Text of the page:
Thanks everyone for your input.
I’m busy putting my map together with all the info I got on here.
First we talked about the 4D table when pushing the turbo too hard. But now with nitrous should I only use the 4D table for the nitrous setup and tune the 4D table for what the engine wants or I need to use both tables (4D to correct fuel and 5D for dry shot)? Trying to understand this correctly.
The dyno tuning process is the same as in the webinar? Tune with minimum boost (wastgate pressure) and whn it’s done raise the boost pressure and nitrous then tune the 4D table for fuel and ignition. I hope I understand it correctly.
I'd forget about the nitrous initially and perform the tune using 4D correction (if required) as you raise boost to your target. Once the tune is complete without nitrous, you can set up a 5D table for the fuel compensation for this.
It sounds complex but it really isn't if you just deal with one aspect at a time.
Okay perfect I’ll approach the tuning like you explain it.
Till what IAT’s would you go (boost) before start cooling the IAT’s with nitrous? I know Vipec fuel correction table will compensate on fuel for hotter IAT’s but what will be safe (knock/detonate) before I need to start cooling.
Are you using an intercooler?
IAT will effect both the power and the knock susceptibility of the engine. What you can tolerate will depend on your boost level and fuel. When it comes to air temp though, less is always preferable.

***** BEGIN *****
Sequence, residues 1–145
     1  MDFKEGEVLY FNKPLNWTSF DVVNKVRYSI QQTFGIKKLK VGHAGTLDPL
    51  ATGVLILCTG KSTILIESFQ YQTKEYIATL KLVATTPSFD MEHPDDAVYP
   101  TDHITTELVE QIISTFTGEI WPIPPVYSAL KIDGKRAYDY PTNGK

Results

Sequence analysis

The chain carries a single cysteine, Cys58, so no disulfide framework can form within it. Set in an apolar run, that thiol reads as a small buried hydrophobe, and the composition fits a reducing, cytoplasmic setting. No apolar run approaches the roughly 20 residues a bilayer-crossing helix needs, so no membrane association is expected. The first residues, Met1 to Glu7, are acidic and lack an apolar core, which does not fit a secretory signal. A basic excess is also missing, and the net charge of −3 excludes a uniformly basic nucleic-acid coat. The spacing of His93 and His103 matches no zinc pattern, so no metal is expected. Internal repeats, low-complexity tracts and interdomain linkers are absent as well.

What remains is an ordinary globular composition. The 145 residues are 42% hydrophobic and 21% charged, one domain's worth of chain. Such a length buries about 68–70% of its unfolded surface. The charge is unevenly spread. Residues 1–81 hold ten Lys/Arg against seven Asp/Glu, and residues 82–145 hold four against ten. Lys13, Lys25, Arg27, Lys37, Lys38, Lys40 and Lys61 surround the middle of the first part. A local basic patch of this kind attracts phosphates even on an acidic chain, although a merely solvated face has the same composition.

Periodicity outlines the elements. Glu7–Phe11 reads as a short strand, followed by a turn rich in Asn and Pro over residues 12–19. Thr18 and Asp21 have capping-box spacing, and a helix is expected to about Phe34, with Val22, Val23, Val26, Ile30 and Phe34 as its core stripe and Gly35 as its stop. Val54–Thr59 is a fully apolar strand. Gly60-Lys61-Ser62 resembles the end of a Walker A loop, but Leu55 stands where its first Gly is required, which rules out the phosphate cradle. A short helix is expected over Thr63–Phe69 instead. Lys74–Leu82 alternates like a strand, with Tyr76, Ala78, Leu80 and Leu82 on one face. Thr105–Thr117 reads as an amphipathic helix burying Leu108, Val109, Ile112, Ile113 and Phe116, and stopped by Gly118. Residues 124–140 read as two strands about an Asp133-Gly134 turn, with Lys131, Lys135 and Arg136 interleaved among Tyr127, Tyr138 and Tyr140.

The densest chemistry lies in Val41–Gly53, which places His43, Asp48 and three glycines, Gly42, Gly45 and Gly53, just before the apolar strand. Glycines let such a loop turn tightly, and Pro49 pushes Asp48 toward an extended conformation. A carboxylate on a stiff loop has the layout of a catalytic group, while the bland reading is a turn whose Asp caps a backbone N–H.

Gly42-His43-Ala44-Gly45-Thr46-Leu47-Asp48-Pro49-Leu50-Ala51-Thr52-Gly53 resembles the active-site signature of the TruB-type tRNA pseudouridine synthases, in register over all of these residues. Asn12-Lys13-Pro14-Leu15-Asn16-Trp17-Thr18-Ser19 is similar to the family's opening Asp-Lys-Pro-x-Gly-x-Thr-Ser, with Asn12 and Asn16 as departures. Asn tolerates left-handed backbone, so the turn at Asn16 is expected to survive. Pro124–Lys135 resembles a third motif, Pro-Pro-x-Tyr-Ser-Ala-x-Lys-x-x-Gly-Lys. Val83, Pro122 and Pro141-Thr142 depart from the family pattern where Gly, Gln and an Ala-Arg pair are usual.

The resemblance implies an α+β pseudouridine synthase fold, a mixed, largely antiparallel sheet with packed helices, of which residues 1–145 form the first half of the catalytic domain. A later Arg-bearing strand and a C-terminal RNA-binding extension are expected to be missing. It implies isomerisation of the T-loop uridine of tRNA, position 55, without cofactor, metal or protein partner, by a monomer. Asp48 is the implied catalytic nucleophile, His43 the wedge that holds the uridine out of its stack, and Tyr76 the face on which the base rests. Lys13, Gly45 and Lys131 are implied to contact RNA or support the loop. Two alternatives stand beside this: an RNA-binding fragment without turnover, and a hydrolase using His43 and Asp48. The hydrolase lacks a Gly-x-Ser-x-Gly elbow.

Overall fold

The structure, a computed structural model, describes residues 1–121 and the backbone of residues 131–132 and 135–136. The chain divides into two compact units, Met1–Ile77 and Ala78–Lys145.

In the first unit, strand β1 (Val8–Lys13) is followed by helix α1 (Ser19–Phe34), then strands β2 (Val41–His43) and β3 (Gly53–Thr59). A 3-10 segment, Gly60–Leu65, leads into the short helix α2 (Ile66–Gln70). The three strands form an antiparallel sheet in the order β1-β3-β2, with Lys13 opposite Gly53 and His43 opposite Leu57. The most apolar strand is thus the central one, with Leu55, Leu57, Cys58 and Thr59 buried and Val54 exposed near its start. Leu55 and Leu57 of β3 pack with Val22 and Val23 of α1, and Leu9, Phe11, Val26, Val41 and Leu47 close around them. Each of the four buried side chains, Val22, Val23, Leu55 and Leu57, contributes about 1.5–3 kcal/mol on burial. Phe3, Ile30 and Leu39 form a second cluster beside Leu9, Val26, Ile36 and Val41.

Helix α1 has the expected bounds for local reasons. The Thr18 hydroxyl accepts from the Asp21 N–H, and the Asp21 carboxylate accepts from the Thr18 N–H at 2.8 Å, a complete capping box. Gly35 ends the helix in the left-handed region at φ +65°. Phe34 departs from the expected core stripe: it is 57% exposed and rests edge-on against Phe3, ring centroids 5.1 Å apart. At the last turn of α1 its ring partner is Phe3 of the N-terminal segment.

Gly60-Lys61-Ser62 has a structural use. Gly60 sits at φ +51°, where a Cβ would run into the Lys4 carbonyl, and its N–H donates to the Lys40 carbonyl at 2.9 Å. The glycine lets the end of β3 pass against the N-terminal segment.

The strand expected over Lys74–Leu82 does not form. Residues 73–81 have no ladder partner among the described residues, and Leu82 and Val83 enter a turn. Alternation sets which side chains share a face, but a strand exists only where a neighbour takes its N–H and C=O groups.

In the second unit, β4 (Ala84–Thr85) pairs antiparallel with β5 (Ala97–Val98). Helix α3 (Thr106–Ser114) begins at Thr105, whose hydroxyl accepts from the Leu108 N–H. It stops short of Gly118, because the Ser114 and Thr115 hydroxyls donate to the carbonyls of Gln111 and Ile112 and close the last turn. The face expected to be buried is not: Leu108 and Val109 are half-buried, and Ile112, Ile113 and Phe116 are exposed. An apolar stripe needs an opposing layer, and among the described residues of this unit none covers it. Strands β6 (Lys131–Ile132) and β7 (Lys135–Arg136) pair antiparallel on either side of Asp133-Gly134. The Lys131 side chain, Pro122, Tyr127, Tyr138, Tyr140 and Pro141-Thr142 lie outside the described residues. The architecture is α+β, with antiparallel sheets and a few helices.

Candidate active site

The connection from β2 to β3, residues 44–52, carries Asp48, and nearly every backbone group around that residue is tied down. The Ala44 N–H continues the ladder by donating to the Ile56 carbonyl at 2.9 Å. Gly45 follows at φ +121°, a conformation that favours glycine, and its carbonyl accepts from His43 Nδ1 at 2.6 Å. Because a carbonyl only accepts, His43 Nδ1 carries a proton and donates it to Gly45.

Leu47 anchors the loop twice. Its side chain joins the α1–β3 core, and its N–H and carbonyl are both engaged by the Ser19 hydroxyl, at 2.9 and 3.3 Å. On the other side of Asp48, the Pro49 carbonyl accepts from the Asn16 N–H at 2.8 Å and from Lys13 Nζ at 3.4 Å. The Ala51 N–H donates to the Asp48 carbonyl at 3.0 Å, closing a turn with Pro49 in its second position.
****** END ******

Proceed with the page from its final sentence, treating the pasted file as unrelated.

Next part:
If you're non intercooled, you will be likely seeing IAT reach 100-200 degrees C dependent on boost and compressor efficiency. In this case anyhting you can do to reduce that IAT is going to help. I'd suggest spraying for most of the strip.
If you are using an effective intercooler I'd expect to see the IAT reach 30-50 degrees C (again dependent on boost/comp efficiency). Nitrous will help in this situation but those sort of IATs are acceptable.
At the moment I have an intercooler but I want to remove it and use nitrous instead. The reason for removing the intercooler is the extra weight and pressure loss. I’m also losing a lot of HP and I don’t know where/why I’m losing this HP lost.
My question was: I need to tune the engine with 4D correction without nitrous. Doing this I will raise the boost to tune my fuel tables. But raising the boost will raise the IAT value. So till where I can go in the tuning process on the dyno with the IAT? I want to stay on the safe side so I don’t want to see i.e. 200 degrees C before start cooling it with nitrous. At which IAT should I stop raising the boost and start spraying nitrous on the dyno? Yes I will spray most of the strip to keep the IAT numbers down. I’m running VP C16 in the bike.
Any idea at which IAT’s I have to start cooling the intake charge in this tuning process?
What IAT’s will be consider dangerous for the engine?
If you are seeing over about 60-70 degrees C you're going to most likely need to retard the timing quite a lot to prevent detonation. The IAT itself is not dangerous for the engine, but as the IAT rises, the fuels ability to suppress detonation is greatly reduced. This is the real problem, and how much of an issue you have will depend on the fuel, compression ratio and boost pressure.
Even with a reasonably efficient compressor wheel where you are sitting around 75% efficiency, you're still likely to see compressor outlet temperatures of over 150 degrees C with a boost pressure of 30 psi for example. What you would learn by trying to tune the engine here with no intercooling is probably not going to be of much value to you.